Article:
class down, and decay, if not utter failure, follows.
They have not only produced the wealth of the country, but they are the
men who have faught its battles and the only men who can be relied upon to
fight its battles; when the roll is called in the volunteer armies of the country,
you find the answers of the producing class, but of no capitalist, unless he
answers by a substitute.
Mr. President, capital and capitalistic influences have controlled for many
years and are controlling the legislation, not only of this country, but of the
world. Capital has time, capital has money and has been and is able to buy
the best outside talent to urge its selfish arguments, before committees and the
halls of legislation. Labor is not here, labor is engaged in its fields, shops
and mines, producing the wealth that has made our country great and powerful, but labor has nothing to rely upon for the protection of its rights and promotion of its interests, except the official representative without the aid of hired
outside talent.
Mr. President, while the provisions of this bill do not demonetize the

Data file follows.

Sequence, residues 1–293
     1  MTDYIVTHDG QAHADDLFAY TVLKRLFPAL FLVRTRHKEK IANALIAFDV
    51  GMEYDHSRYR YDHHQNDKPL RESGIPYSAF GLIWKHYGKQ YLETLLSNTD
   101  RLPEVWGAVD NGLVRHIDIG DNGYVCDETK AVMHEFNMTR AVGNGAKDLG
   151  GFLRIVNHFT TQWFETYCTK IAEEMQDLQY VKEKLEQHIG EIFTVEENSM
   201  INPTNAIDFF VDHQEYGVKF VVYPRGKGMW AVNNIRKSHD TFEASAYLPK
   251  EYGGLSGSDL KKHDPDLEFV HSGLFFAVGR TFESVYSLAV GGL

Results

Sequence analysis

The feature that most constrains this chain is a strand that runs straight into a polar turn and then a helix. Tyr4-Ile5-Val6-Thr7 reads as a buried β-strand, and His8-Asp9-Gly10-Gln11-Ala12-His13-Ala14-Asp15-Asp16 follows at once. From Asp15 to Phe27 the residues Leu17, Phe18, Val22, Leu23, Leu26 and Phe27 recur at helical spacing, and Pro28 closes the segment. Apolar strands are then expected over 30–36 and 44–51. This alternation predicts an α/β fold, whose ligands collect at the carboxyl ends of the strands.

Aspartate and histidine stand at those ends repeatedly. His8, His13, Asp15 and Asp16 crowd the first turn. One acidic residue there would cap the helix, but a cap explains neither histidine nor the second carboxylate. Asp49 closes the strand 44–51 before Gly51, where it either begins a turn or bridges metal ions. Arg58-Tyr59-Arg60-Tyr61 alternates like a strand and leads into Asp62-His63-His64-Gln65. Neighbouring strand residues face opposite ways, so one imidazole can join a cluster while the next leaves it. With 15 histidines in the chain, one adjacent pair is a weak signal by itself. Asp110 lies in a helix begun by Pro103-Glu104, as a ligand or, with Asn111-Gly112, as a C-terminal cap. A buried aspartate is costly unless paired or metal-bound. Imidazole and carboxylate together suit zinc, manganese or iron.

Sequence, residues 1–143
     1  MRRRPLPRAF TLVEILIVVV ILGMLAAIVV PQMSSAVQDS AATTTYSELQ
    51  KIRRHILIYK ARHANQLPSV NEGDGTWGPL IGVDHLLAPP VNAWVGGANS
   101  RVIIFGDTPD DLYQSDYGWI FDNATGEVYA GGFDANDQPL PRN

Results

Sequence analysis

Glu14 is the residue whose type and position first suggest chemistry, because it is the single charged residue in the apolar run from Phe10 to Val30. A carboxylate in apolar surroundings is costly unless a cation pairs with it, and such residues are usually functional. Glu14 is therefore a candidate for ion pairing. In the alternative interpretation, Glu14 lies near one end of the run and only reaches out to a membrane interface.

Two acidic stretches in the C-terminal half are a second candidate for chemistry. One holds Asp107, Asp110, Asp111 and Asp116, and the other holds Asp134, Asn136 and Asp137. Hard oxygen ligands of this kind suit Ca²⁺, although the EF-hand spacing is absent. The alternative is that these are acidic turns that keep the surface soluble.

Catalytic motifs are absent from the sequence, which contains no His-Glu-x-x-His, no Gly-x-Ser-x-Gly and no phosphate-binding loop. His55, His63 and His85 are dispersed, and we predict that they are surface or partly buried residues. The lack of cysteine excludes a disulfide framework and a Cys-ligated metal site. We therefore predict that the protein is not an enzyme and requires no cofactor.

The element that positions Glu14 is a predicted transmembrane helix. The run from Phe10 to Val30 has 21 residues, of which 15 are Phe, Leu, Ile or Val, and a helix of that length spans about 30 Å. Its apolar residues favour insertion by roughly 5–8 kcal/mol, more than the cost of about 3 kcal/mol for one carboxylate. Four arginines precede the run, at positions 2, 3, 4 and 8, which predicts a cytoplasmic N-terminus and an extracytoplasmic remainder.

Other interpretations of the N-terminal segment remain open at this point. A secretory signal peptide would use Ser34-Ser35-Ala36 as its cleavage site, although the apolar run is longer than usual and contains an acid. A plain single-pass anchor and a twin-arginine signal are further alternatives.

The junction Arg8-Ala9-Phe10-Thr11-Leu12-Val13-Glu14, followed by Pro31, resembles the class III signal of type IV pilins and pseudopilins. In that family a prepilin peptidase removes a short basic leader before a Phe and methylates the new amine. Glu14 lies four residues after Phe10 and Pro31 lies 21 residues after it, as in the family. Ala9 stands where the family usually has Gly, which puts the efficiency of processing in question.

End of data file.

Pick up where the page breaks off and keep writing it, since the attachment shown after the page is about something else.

silver coin now in existence they do, in effect, slam the door in the face of
silver, strike down the only statutory recognition of silver bullion as a money
metal, and are much more likely to be followed by a proposition to strike
down the legal-tender quality of the existing silver dollar, than a proposition
to coin more silver.
It is, to say the least of it, a distinct abandonment of the policy of utilizing
silver as a means of increasing the volume of money, and to that extent it
does demonetize silver.
Mr. President, the failure to increase the volume of money in proportion
to the increase of population and business is contraction, and contraction
means increased purchasing power of money and diminished prices for everything exchanged for money. If all the gold and silver produced in the world,
except that which is consumed in the arts, was coined on the ratio of 16 to i ,
it would not furnish a basis of circulation in excess of the increase of population and business, and to demonetize either, or fail to utilize either, as a basis
of circulation is, in effect, to say to the debtor class, that we, your law makers,
have enacted that you shall pay twice as much labor or twice as much property to extinguish your debt as you contracted or expected to pay when you
made your contract, and the reason is that the debt-paying power of money